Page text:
• Other adjustments: Additional income, deductions, and extra withholding.

What is a W2 Form?

The IRS W2 Form, also known as an employee’s Wage and Tax Statement, is filled out by an employer for each employee who is paid $600 at the very least for the tax year. This also needs to be filed with the Social Security Administration (SSA).

The W2 Form is primarily used to record how much your employees are paid, including their wages, tips, if any, and other kinds of benefits they receive as well as Medicare, Social Security, state-based taxes, and much more.

Employers need to keep in mind that they are required by law to fill out, file, and distribute a W2 form for each employee who is paid at least $600 within the given tax year, even if they are no longer employed. These forms can be distributed and filed electronically. In fact, payroll services such as Gusto make it much easier to manage this.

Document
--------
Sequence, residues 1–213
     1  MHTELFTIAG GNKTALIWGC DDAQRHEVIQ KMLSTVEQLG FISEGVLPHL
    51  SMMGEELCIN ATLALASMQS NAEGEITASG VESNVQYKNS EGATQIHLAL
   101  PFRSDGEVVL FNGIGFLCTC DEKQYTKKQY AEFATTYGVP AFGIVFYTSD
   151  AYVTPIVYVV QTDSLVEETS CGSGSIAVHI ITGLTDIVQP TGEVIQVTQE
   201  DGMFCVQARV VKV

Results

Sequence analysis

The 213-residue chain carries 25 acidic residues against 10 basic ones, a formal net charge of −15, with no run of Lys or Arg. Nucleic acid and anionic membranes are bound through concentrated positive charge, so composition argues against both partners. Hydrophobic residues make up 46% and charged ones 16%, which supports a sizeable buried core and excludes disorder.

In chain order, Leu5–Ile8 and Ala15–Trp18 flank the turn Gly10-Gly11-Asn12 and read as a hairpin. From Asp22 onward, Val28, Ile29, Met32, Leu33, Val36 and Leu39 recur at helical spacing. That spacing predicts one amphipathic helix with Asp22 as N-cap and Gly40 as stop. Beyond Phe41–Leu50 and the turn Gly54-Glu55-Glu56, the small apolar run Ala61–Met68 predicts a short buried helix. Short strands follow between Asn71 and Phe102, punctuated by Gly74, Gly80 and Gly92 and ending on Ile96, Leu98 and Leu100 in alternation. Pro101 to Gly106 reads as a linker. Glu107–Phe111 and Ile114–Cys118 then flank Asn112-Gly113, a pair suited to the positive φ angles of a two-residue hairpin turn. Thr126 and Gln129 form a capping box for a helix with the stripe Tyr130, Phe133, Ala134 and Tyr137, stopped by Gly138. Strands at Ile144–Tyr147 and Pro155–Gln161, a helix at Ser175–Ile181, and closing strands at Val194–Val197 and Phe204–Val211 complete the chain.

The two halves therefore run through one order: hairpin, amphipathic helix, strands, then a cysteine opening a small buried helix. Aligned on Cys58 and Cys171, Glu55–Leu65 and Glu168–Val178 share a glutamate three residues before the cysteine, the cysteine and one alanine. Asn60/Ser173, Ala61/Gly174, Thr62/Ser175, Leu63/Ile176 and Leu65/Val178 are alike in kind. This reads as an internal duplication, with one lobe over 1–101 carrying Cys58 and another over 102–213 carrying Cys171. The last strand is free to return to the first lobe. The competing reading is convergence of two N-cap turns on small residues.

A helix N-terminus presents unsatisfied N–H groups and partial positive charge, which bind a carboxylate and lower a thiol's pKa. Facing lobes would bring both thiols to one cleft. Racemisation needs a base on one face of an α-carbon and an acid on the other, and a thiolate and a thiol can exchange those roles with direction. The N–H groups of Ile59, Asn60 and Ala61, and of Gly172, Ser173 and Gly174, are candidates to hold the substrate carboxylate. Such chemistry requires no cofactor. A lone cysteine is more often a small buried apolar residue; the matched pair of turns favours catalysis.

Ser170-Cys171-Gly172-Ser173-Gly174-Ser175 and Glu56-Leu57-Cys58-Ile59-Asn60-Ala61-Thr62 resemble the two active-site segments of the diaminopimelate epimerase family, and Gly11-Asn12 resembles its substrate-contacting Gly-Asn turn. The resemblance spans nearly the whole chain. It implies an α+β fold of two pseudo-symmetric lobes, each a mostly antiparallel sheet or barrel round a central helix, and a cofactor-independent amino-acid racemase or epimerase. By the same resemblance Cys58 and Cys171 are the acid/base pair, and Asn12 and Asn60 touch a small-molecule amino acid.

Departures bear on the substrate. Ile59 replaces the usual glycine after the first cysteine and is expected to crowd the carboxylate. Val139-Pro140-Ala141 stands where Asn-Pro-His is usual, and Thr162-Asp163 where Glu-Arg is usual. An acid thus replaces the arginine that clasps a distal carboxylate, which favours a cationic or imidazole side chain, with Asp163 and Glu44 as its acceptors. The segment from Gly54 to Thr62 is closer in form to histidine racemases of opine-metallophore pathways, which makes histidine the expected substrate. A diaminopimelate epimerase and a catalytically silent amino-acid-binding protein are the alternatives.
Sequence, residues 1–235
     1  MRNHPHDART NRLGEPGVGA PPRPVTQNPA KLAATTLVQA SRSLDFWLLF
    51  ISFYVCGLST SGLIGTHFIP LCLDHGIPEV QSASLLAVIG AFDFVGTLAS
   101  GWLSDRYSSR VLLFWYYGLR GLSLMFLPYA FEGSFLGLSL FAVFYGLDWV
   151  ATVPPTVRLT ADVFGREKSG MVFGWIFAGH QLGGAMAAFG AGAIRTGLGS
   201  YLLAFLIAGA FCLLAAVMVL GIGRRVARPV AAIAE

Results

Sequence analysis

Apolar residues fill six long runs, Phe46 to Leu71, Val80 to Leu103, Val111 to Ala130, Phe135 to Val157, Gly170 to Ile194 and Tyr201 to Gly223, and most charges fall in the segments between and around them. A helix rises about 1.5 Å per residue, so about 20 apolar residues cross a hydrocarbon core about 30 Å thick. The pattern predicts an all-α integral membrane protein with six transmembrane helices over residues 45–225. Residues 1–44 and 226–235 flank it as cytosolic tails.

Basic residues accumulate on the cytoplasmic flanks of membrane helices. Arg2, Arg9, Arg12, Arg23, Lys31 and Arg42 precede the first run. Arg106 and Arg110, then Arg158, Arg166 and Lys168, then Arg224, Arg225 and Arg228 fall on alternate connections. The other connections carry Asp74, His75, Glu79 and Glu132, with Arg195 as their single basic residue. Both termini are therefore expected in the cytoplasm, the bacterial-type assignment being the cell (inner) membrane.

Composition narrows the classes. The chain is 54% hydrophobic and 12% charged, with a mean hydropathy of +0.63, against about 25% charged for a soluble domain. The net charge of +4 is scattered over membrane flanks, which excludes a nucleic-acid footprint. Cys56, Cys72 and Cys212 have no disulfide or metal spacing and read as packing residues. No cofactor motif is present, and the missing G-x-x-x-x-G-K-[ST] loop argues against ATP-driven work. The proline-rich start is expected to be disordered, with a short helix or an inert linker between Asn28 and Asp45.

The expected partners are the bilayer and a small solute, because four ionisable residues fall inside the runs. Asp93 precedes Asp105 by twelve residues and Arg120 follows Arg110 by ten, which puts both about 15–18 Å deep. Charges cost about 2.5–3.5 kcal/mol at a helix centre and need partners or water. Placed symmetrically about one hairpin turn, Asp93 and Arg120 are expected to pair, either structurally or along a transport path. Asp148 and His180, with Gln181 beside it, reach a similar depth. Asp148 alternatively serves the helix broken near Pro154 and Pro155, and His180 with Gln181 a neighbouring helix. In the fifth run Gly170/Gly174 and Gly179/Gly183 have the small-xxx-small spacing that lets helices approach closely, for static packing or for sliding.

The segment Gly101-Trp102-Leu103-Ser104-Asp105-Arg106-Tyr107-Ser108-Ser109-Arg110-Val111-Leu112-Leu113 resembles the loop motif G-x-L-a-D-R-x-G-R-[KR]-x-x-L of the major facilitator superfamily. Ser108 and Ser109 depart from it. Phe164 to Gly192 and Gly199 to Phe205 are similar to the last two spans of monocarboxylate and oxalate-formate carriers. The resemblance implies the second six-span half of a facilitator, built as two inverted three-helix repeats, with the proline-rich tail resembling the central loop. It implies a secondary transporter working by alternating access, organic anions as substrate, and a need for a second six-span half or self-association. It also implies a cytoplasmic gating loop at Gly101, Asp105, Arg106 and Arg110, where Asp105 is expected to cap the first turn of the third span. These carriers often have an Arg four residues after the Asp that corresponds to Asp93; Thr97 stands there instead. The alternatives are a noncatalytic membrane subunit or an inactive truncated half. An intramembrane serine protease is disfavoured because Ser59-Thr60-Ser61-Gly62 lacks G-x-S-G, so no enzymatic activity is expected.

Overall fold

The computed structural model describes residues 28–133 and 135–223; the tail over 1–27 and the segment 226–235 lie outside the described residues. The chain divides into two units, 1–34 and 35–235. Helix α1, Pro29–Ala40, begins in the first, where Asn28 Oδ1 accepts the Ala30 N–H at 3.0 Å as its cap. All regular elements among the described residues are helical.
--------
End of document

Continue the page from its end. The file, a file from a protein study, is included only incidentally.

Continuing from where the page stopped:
Key Information on a W2 Form

The W2 form contains multiple sections, each providing specific information:

  • Employee’s personal information: Name, address, Social Security number.
  • Employer’s details: Name, address, and Employer Identification Number (EIN).
  • Wages, tips, and other compensation: Total earnings paid by the employer.
  • Federal income tax withheld: Amount of federal income tax withheld from the employee’s wages.
  • Social Security and Medicare taxes withheld: Amounts withheld for Social Security and Medicare.
  • State and local taxes: If applicable, the amount of state and local taxes withheld.

W2 vs W4 Form: Key Differences